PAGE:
Norbil's viewing platform (here in 2015) is spacious and impressive - rivalled in my experience perhaps only by the
magnificent two storey structure at Waqanki Lodge at Moyobamba, not far to the east -  looking
not only at feeders but at plantings of selected flowering plants, chosen to attract both hummingbirds and butterflies.
Some hummingbirds turn their beaks up at feeders, but are unable to resist Verbena plantings.
The same platform two years later in 2017 (and taken from the other direction); you can see one of the
feeders just to the right of the platform, and get an idea of how much the vegetation
has grown in the meantime.
This gives an even greater appreciation of how much growth can occur in two years in this
part of the world; this is taken looking out of the platform towards the right of the 2015 picture above -
the bare ground there is now a tangle of flowering verbena, with hummers constantly flitting from flower to flower.
As you can see, on this most recent visit the rain came while we were on the platform - we just got there in time in fact! You can get a sense of its ferocity in the next photo, which shows a new building since 2015, planned as a little restaurant, though it is not yet open. It was a very welcome shelter in which to eat our packed lunches though.

Norbil's patience and determination in those early days were remarkable - it took seven months for the recalcitrant hummers to find the feeders, but he persisted in putting out sugar daily, cleaning and refilling the feeders, in the face of great pressure to be sensible, to clear and plant coffee. And in the end the birds came and, encouraged by nearby lodges and some socially-aware tour guides, visitors are coming too. We first did in September 2015, and felt hugely rewarded for our walk through streets still running with rainwater and then along a road for a kilometre out of town; fortunately the white sands under the forest drain the storm waters away efficiently.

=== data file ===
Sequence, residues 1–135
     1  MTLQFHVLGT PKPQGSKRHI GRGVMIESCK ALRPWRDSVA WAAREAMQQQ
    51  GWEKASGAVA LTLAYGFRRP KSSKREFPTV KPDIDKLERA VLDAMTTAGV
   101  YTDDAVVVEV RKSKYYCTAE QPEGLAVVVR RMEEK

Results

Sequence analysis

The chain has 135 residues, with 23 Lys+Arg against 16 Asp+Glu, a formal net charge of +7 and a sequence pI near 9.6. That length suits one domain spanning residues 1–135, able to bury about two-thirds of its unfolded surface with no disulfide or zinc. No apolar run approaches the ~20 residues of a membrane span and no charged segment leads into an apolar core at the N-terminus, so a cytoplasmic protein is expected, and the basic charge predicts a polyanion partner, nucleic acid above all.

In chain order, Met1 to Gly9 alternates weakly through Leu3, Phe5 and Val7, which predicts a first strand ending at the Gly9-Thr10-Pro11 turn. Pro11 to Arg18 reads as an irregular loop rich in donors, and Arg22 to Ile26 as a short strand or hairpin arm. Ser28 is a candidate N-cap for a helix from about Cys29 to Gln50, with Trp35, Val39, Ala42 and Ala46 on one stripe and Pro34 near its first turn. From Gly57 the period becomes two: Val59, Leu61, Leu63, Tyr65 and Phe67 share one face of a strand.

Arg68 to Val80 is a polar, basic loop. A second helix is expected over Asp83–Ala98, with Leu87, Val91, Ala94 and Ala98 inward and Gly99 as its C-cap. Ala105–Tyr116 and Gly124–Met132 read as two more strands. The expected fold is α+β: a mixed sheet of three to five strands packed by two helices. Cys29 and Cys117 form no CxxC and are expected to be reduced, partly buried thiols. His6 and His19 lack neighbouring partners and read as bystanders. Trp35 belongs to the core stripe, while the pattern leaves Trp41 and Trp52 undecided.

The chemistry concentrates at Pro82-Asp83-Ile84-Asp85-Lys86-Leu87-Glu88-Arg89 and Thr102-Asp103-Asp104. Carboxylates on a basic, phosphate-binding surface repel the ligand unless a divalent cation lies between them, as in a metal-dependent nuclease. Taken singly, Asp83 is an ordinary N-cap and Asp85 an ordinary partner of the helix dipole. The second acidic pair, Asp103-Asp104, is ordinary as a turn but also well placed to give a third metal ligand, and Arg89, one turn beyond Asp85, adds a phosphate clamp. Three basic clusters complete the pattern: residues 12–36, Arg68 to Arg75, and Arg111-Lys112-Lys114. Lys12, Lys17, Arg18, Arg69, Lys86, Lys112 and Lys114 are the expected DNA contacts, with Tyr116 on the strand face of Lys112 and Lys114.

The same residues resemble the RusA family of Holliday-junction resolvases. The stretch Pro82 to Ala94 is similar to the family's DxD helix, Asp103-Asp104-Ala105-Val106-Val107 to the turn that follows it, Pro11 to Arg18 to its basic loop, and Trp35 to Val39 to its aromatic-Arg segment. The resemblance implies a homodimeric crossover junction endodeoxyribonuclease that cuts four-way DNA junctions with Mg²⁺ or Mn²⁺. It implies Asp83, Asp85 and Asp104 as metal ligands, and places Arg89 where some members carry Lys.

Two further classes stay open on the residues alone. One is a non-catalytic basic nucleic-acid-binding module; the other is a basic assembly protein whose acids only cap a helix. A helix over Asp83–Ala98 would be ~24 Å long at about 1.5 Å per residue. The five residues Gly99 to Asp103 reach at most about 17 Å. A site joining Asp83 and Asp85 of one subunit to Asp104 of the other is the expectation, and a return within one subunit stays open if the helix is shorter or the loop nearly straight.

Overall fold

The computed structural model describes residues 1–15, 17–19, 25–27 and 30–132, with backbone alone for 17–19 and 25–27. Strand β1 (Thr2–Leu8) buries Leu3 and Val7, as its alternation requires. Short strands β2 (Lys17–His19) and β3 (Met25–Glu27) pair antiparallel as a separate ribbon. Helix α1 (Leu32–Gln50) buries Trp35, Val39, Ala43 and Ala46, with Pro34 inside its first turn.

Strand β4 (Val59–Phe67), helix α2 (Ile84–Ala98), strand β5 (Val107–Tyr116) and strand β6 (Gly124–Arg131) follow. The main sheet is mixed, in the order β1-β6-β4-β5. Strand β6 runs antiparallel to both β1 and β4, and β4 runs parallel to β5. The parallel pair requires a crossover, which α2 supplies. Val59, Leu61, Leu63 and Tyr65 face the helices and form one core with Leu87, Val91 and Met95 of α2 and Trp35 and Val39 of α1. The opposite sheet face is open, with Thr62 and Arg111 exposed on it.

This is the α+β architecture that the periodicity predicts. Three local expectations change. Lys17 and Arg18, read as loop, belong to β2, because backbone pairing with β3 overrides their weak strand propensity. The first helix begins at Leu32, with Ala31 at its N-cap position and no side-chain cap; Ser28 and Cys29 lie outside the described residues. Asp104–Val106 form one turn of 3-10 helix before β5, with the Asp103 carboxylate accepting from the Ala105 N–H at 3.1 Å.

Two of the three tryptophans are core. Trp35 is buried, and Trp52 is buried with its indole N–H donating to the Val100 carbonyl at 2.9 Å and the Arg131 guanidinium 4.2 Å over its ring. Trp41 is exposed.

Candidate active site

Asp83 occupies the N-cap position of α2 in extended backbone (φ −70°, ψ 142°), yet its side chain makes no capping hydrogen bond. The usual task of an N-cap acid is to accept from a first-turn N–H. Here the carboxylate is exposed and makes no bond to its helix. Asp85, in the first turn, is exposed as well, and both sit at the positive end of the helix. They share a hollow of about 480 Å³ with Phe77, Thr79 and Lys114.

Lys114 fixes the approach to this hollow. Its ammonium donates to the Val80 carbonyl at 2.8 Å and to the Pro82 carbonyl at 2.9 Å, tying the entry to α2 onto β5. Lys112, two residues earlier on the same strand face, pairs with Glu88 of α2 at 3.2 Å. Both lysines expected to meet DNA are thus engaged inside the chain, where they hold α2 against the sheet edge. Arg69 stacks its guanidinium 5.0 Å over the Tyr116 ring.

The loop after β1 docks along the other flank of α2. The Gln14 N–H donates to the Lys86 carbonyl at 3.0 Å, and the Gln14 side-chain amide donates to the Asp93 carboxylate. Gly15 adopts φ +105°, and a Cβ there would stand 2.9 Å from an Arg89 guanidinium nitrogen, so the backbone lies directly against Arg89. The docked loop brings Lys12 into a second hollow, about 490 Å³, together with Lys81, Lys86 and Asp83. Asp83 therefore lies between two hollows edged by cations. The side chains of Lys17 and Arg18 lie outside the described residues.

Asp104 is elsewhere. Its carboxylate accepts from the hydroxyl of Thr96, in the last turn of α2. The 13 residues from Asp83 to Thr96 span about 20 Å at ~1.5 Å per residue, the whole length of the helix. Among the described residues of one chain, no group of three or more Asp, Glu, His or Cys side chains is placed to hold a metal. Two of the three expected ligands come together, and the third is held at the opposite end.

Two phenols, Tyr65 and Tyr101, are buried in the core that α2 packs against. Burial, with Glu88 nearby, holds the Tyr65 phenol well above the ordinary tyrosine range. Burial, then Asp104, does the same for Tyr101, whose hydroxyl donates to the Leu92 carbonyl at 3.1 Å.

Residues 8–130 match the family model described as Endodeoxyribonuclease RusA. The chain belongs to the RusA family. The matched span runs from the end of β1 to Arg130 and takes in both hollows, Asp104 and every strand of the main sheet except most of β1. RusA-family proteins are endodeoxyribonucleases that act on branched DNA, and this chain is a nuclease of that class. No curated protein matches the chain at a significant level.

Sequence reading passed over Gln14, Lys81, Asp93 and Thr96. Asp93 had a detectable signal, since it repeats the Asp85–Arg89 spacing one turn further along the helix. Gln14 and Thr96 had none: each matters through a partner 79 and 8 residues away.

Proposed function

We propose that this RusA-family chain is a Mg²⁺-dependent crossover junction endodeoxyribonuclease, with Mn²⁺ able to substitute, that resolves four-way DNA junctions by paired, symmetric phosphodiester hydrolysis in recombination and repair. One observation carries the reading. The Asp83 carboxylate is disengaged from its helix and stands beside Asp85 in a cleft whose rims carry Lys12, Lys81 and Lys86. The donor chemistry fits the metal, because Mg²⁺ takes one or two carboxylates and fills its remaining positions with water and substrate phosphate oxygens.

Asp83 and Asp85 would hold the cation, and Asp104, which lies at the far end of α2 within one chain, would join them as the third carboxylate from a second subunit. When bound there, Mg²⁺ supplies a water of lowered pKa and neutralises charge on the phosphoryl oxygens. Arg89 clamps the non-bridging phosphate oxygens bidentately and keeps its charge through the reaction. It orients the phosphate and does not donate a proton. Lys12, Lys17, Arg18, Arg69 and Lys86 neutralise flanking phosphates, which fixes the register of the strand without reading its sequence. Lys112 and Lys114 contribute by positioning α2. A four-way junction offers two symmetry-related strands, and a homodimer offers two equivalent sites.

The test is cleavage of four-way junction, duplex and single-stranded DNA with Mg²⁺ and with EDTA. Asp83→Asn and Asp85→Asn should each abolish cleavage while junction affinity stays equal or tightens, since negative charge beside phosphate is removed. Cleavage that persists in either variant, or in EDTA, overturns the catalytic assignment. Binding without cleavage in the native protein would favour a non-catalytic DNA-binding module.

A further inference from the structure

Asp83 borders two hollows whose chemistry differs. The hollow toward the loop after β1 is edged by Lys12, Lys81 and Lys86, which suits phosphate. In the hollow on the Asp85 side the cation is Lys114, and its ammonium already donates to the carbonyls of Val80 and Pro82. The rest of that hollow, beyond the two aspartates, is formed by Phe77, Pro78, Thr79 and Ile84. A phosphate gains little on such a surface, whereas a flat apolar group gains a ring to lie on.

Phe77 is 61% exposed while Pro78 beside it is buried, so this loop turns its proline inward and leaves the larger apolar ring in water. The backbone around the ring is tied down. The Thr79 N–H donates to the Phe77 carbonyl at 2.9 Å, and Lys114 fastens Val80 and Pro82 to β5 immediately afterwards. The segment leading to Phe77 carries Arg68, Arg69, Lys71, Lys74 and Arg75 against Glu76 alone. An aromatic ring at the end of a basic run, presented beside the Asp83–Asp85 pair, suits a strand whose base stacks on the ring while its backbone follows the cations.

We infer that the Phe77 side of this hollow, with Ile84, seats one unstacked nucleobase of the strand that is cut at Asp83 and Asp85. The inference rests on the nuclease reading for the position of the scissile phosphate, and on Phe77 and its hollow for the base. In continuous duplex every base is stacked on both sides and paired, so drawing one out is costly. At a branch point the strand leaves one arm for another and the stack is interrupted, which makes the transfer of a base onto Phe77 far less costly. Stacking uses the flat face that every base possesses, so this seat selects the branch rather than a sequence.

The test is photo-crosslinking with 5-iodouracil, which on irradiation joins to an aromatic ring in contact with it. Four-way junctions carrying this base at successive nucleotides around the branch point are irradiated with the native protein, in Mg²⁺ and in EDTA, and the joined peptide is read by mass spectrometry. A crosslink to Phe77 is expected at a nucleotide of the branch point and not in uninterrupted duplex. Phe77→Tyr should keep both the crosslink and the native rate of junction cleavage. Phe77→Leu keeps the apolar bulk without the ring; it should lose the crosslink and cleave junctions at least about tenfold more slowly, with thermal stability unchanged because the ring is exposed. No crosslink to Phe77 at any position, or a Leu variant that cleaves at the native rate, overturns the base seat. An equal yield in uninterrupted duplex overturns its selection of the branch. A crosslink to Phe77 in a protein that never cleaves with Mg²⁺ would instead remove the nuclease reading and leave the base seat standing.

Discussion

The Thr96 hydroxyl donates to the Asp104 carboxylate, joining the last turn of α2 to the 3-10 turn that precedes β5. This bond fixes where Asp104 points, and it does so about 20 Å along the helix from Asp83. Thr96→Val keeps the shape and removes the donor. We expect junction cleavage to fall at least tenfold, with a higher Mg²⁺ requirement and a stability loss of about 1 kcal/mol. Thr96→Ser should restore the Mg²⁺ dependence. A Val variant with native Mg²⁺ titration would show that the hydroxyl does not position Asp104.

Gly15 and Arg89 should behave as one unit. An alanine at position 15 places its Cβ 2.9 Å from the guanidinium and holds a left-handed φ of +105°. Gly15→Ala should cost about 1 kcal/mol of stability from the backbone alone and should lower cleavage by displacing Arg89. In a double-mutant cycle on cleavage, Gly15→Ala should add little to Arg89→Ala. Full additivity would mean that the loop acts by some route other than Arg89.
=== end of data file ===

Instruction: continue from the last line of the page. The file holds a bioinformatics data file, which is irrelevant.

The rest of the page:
Here is a selection of some the hummers we saw on our two visits, some of which are rare or hard to see elsewhere. Some of those photos taken in the rain in 2017 are rather 'noisy' as the light was very low.
Blue-fronted Lancebill Doryfera johannae.
This lovely hummer has a remarkably straight bill; it is scarce, though widely-distributed.
The closely related Green-fronted Lancebill D. ludovicae also comes to the feeders, and we
saw them together in 2017.

Fork-tailed Woodnymph Thalurania furcata, another widespread and truly gloriously
iridescent hummingbird.
Golden-tailed Sapphire Chrysuronia oenone; really, I run out of superlatives for hummers...
This one is found throughout the northern Andes.
Many-spotted Hummingbird Taphrospilus hypostictus, limited to the lower eastern slopes of
the northern Andes.

Sapphire-spangled Emerald Amazilia lactea in the rain.
This has a huge range across South America, though the taxonomy is vexed,
and some would split it, with this then becoming Spot-vented Emerald A. bartletti.

White-necked Jacobin Florisuga mellivora in very heavy rain!
This familiar species has an even bigger range, north to Mexico; this one's characteristic
white neck band is hidden in its fluffed-up feathers.

Blue-tailed Emerald Chlorostilbon mellisugus; male (above) - note the iridescence, even in the
absence of sunlight! - and female below.
Rufous-crested Coquette females Lophornis delattrei, above and below.
Unfortunately the ludicrously-coiffed male didn't turn up on this occasion.
Light, as I said, was low, so exposure was a relatively slow 1/125 second, but even so
the blurred wings give an idea of how fast they're whirring away!